According to reports from Cairo, the Egyptian capital, President Anwar Sadat's decision to end 24 years of one-party rule could lead to significant constitutional and political changes.
GVS: people's Assembly building and flag, Cairo, Egypt. (2 shots)
SVS INTERIOR: members of Assembly sitting. (2 shots)
SV: War Minister Mohammed Gammassy taking seat.
SV ZOOM IN: Ismail Fahmi, Foreign Minister.
LV: President Anwar Sadat receiving ovation.
SV: two officers in uniforms.
SCU: Sadat speaking (in Arabic)
GV: Assembly deputies listening to Sadat's speech.
GV: Sadat continuing speech.
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Background: According to reports from Cairo, the Egyptian capital, President Anwar Sadat's decision to end 24 years of one-party rule could lead to significant constitutional and political changes.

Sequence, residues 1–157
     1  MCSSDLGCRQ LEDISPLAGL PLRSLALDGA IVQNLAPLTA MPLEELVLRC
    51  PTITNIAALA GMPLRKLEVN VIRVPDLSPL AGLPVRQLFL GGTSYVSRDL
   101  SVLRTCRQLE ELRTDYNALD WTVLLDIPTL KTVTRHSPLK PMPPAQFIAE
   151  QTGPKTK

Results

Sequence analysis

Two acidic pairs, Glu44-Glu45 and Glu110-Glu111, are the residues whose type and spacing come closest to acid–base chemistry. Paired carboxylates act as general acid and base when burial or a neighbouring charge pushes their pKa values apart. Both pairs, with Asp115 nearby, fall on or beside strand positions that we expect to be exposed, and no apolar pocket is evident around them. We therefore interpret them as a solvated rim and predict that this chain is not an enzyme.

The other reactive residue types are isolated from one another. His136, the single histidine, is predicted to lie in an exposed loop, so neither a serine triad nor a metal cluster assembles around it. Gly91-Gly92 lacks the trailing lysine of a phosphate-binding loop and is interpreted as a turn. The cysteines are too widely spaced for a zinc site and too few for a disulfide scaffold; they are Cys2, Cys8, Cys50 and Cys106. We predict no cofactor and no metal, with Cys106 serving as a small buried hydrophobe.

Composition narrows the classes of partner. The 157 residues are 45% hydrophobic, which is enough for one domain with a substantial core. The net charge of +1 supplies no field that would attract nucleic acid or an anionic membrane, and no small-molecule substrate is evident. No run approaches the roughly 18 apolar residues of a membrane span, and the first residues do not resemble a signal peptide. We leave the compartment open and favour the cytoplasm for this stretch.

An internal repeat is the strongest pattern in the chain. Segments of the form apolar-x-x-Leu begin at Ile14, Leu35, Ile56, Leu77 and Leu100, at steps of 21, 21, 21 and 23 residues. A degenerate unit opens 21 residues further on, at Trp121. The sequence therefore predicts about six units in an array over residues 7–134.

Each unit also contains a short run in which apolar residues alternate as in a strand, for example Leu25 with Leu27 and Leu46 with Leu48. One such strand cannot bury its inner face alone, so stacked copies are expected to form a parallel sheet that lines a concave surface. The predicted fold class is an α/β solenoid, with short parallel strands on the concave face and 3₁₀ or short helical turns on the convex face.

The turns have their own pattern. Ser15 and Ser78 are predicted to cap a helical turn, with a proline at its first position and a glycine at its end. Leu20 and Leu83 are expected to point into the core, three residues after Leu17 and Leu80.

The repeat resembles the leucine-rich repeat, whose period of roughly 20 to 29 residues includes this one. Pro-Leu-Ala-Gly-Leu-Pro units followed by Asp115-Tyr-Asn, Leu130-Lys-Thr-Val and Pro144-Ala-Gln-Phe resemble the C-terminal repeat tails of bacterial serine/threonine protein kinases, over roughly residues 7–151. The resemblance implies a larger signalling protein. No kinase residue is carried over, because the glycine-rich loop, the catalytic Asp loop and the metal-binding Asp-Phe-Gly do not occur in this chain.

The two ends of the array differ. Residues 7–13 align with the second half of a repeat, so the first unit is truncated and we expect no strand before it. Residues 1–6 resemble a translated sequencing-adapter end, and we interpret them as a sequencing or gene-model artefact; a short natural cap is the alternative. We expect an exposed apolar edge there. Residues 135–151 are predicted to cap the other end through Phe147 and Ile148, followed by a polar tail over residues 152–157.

SYNOPSIS: The Egyptian leader made his announcement to allow another three new political parties in the People's Assembly in Cairo on Thursday. The parties, made up of left, right and centre factions, would operate alongside the only party until now -- the Arab Socialist Union, the ASU. But the ASU would take over responsibility for youth and women's organisation, and would continue to participate in the ownership of the Egyptian press, said President Sadat.
The Egyptian leader told the Assembly he also thought the ASU should control the financial resources of the three new parties, and make sure their programmes did not undermine the nation's unity.
The multi-party system was abolished after the 1952 revolution against British rule. It was in March this year that the ASU decided to allow the formation of three new parties -- with the condition that all members of the new organisations would also become members of the ASU.
The three parties participated in general parliamentary elections earlier this month (November) under the umbrella of the ASU.